Losing your religion can be good for your wealth, claims a new study carried out by the universities of Bristol and Tennessee. It argues that as nations become more secular, they tend to become richer.
Researchers examined the gross domestic product of 109 countries, alongside the importance of religion in the societies studied. They found that an increase in secularisation correlated with an average increase of £800 per person over a period of 10 years, and this increased further over subsequent decades.
This doesn’t strike me as at all unexpected. Christianity has never encouraged people of faith to focus on money and the accumulation of wealth. Jesus’s attitude was distinctly unmaterialistic: “Consider the lilies of the fields – they reap not, neither do they sow…”
In St Matthew’s Gospel, we are told: “Lay not up for yourselves treasures upon earth, where moth and rust doth corrupt… But lay up for yourselves treasures in heaven… For where your treasure is, there will be your heart also.” A young man who seeks perfection is told to give away all his wealth to the poor. And St Paul warns that “the love of money is the root of all evil”.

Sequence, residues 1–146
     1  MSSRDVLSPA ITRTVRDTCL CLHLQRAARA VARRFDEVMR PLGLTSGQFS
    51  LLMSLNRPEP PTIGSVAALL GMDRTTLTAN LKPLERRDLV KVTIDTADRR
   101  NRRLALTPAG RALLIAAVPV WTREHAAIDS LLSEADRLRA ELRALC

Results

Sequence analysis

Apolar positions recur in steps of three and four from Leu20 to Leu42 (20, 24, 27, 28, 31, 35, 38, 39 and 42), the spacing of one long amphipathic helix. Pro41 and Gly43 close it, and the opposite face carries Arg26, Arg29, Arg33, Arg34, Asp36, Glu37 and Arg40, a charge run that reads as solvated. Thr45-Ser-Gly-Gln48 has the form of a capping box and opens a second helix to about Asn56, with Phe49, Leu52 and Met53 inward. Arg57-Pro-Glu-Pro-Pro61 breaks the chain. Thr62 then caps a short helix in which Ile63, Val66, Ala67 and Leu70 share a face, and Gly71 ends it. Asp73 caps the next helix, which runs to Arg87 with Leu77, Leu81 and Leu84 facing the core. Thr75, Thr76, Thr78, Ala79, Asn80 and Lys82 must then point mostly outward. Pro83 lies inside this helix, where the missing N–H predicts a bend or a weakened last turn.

So it follows that those who do not place emphasis on material values will usually not be as rich as those who do. Because that is the way to grow rich: focus on money and on wealth, and leave aside what stands in the way of material values. I was told this by a very rich man, the late Felix Dennis, who wrote one of the most persuasive books ever published about the accumulation of wealth, called quite simply How to Get Rich.
Felix’s central message was this: if you sincerely want to be rich, then regard money as your priority, giving it primacy over everything else. When you have made the money, then focus fully on defending it.
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